Family carers have been all-but forgotten by Government and local councils during the Coronavirus pandemic, furious campaigners have claimed.
Family members who provide unpaid care for loved-ones, with little or no financial support in the form of welfare benefits, say they have become “overwhelmed” by the crisis and are close to “burning out”.
New research published today by Carers UK reveals how 70% of unpaid carers in the UK are having to provide more care for their loved ones during the Coronavirus outbreak.
A third of these (35%) are having to provide more hours of care because their local care and support services have been reduced or closed.
The survey of nearly 5,000 unpaid carers showed that, on average, carers are picking up an additional 10 hours of unpaid care per week.
And with reduced care support from local services the UK’s army of 6.5 million unpaid carers are having to work all hours to care for some of the most vulnerable people in society, with little or no help from Government or local authorities.
More than half (55%) told Carers UK that they feel overwhelmed managing their caring responsibilities during the outbreak and are worried about burning out in the coming weeks.
The survey also found that 87% of family carers are worried about what will happen to the people they care for if they have to self-isolate or become ill.
Mike, 59, from Devon who cares for his wife Lynda who has multiple sclerosis, said: “Despite the complexity of my wife’s condition we’ve mostly managed ourselves, but Lynda would have hyperbaric oxygen therapy in Exeter and physiotherapy in Barnstaple.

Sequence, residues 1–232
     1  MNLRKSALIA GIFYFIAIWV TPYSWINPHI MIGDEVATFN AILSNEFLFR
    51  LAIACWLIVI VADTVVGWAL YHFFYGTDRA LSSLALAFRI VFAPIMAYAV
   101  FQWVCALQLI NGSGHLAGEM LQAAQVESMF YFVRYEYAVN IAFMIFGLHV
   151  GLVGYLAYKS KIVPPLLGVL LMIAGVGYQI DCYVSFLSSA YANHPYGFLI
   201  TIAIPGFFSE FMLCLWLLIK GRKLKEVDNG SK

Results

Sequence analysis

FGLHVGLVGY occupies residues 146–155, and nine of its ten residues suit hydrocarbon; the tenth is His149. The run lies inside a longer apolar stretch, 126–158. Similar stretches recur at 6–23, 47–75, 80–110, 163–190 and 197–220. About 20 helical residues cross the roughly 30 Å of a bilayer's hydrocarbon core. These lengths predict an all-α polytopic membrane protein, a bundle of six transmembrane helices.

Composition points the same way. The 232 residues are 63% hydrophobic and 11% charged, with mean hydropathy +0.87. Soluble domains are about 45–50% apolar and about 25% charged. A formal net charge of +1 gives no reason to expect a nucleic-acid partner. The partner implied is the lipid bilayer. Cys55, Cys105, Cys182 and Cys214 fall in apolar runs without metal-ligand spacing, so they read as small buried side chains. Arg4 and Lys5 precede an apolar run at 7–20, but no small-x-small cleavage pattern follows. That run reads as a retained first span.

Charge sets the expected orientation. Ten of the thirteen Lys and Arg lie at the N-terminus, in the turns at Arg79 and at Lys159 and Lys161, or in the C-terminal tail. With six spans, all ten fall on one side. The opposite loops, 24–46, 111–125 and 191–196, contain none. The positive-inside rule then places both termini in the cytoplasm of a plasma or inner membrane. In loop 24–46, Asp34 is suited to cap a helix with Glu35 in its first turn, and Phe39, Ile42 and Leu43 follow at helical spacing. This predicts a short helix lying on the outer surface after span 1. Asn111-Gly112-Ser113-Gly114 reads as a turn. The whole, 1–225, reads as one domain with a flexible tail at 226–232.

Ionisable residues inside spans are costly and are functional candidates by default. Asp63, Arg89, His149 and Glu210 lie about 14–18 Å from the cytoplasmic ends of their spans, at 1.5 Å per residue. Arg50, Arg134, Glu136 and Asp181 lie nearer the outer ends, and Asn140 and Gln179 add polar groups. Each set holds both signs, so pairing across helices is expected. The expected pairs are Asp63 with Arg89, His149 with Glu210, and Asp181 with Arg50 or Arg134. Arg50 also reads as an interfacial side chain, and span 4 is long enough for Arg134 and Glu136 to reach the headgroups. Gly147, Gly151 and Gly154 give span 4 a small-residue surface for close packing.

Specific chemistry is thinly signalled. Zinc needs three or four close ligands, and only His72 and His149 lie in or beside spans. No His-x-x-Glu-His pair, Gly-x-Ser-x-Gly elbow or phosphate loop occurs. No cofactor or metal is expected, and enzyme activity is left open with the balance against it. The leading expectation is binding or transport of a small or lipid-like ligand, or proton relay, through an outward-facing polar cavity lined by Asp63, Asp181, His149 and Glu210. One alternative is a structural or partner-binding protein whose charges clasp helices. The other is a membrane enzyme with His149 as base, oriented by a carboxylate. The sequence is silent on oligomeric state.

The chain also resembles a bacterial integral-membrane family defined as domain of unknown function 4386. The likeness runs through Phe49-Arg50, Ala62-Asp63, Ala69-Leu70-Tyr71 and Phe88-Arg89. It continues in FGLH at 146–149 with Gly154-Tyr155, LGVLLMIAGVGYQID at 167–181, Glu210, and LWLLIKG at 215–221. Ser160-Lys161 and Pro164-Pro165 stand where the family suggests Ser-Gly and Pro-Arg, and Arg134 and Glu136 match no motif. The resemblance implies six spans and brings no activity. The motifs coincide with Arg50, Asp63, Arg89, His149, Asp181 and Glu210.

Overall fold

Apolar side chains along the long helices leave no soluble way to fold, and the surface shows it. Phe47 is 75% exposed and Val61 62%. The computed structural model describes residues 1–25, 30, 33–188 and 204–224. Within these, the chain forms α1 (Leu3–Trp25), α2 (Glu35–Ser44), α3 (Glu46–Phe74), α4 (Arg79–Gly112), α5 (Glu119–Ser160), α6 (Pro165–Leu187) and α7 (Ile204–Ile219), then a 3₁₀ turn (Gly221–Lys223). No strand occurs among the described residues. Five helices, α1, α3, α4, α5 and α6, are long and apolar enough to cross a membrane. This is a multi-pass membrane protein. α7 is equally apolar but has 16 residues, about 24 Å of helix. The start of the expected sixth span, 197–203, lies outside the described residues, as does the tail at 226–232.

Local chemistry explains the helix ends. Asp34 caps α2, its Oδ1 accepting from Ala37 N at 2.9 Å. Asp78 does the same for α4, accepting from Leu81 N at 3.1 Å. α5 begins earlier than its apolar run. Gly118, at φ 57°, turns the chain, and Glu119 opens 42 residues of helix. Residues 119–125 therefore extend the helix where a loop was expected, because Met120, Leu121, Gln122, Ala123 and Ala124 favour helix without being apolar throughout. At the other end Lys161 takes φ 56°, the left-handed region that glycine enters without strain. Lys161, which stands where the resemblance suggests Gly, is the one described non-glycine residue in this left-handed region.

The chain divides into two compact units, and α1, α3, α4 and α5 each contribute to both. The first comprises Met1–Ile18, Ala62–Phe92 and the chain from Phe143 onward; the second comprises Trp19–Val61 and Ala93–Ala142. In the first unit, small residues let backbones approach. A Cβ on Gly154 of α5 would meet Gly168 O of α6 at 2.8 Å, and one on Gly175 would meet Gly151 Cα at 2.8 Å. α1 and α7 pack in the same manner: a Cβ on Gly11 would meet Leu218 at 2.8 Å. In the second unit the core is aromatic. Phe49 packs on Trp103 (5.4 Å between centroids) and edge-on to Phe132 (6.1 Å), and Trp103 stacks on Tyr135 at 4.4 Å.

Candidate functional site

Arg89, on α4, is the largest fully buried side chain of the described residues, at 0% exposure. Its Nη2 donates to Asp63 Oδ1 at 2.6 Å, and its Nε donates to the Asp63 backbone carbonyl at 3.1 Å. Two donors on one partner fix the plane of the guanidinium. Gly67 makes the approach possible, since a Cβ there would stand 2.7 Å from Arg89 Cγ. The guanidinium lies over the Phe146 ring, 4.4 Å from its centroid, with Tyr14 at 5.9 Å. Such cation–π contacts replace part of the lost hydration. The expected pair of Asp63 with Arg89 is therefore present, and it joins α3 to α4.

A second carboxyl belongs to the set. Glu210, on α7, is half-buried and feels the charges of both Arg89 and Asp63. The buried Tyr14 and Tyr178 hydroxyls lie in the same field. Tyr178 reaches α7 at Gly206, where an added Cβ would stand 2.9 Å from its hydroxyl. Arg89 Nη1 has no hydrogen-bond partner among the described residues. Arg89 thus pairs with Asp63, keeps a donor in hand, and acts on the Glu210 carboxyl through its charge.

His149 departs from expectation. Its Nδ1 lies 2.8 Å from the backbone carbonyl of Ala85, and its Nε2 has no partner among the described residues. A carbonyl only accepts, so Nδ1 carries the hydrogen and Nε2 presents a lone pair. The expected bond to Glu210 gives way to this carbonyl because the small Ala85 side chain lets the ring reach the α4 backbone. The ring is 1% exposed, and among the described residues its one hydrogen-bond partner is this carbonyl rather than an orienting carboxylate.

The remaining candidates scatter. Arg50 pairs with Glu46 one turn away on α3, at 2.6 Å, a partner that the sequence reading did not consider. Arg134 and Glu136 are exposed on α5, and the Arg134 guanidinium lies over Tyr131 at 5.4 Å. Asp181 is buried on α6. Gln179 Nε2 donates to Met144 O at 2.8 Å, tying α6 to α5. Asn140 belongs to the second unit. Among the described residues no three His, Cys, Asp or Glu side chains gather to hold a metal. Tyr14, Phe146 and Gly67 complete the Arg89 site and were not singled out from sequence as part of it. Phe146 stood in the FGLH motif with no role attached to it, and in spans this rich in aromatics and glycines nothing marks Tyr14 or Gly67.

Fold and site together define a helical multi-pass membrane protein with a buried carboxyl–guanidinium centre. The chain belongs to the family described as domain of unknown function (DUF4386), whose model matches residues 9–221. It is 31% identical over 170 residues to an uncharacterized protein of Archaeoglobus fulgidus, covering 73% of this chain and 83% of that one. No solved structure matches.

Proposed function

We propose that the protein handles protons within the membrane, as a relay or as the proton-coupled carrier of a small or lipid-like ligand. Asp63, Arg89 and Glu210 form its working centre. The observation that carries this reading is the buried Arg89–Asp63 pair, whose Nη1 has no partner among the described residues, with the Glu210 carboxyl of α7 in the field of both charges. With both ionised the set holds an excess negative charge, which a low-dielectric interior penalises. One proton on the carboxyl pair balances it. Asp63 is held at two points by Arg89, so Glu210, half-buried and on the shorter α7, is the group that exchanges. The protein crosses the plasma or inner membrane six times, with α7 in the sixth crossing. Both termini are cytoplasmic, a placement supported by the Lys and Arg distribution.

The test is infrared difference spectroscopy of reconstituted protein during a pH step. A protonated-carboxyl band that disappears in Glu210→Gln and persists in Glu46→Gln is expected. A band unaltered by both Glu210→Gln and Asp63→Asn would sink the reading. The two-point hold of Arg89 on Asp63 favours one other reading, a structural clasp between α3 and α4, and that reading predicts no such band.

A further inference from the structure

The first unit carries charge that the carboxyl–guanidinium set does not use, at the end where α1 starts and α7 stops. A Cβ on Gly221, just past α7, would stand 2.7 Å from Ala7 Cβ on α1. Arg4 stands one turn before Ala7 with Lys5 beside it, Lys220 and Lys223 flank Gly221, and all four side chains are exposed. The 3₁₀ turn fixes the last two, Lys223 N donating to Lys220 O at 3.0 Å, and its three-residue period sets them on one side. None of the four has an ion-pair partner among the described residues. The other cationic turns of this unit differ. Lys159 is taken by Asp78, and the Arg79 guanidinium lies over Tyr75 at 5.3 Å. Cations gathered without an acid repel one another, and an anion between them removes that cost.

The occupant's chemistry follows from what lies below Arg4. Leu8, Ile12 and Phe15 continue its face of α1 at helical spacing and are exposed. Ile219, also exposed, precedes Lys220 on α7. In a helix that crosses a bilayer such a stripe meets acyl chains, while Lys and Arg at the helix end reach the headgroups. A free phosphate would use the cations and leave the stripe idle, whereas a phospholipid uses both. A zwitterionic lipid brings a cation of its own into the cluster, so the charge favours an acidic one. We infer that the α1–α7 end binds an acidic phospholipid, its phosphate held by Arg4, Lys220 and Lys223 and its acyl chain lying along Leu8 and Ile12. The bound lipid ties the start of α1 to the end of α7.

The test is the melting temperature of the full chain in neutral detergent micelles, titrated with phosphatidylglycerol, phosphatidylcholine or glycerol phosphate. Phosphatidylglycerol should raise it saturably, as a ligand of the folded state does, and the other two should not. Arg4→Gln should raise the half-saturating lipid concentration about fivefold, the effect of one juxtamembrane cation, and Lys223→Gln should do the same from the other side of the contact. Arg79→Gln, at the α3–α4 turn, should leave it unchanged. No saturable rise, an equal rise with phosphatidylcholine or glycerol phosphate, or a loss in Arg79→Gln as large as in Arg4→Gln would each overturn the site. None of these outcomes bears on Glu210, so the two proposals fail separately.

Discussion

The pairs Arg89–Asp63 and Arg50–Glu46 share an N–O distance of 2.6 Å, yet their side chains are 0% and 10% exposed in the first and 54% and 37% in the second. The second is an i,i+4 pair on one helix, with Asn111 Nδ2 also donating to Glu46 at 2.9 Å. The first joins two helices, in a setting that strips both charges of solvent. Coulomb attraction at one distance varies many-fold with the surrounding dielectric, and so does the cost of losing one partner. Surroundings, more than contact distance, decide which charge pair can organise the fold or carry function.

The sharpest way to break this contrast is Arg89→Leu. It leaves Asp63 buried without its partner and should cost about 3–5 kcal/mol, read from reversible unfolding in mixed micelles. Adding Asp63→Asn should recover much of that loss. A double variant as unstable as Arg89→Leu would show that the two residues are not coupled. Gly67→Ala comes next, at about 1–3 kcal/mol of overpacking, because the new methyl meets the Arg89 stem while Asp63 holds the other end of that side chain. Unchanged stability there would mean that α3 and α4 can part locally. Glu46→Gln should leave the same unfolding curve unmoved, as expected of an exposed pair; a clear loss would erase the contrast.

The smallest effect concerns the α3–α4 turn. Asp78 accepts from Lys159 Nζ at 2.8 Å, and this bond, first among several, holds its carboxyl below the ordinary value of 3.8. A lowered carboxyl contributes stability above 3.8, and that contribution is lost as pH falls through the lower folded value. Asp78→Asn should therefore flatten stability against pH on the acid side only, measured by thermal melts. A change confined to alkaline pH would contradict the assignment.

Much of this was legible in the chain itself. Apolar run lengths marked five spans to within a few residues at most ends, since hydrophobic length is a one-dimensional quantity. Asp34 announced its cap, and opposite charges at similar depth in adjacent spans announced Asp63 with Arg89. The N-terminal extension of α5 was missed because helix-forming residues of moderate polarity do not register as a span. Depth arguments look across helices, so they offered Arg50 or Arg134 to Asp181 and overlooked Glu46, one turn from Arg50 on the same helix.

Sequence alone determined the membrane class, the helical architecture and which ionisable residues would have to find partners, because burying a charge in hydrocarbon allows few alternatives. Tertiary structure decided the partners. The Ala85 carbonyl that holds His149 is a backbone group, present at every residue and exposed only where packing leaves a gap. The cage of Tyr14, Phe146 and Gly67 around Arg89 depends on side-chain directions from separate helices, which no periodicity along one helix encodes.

“I used to look forward to those few hours a week as they allowed me to recharge my batteries, have some time to myself knowing she was in the hands of professionals.
“Now I am on duty all the time psychologically and it is absolutely draining.”
The research shows 81% of carers are having to spend more money during the outbreak. The top increases in expenditure include spending more on food (72%) – due to lack of supermarket delivery slots and need for specialist food – and household bills (50%).
Worryingly, 1 in 10 claim to be spending more on equipment for the person they care for.
Helen Walker, Chief Executive of Carers UK, said: “Unpaid carers are fighting the same battle as care staff and many of our NHS workers: yet they do it behind closed doors and with far less recognition.
“Unlike our fantastic frontline workers they are unable to clock off from their caring responsibilities. Many are overwhelmed and incredibly anxious about how they will manage in the weeks ahead.
“Unpaid carers are just as vital in the national effort to keep vulnerable people safe yet many fear that continuing to care around the clock will lead to them burning out.
“Carers tell us they feel ignored and invisible in this epidemic. The Government must ensure their physical and emotional well-being is supported at this challenging time and monitor the impact of the reduction in care services on carers.”
The charity is urging Government to increase Carer’s Allowance – the main benefit for people caring unpaid for 35 hours or more each week, just £67.25 a week – to recognise the crucial role they are playing in the country’s fight back against coronavirus.
Helen Walker added: “The financial penalty of caring for someone is so much bigger at the moment, with the vast majority of unpaid carers spending more on food and household bills on top of what they already contribute towards care costs, installing adaptions in the home and increased fuel bills.
“It is simply unacceptable that Carer’s Allowance is the lowest benefit of its kind when unpaid carers contribute so much and at a significant cost to their own finances. The Government should raise it.
“This crisis needs to be a turning point in how we as a society treat carers. Going forward, Government must invest in the care and support families so desperately need.”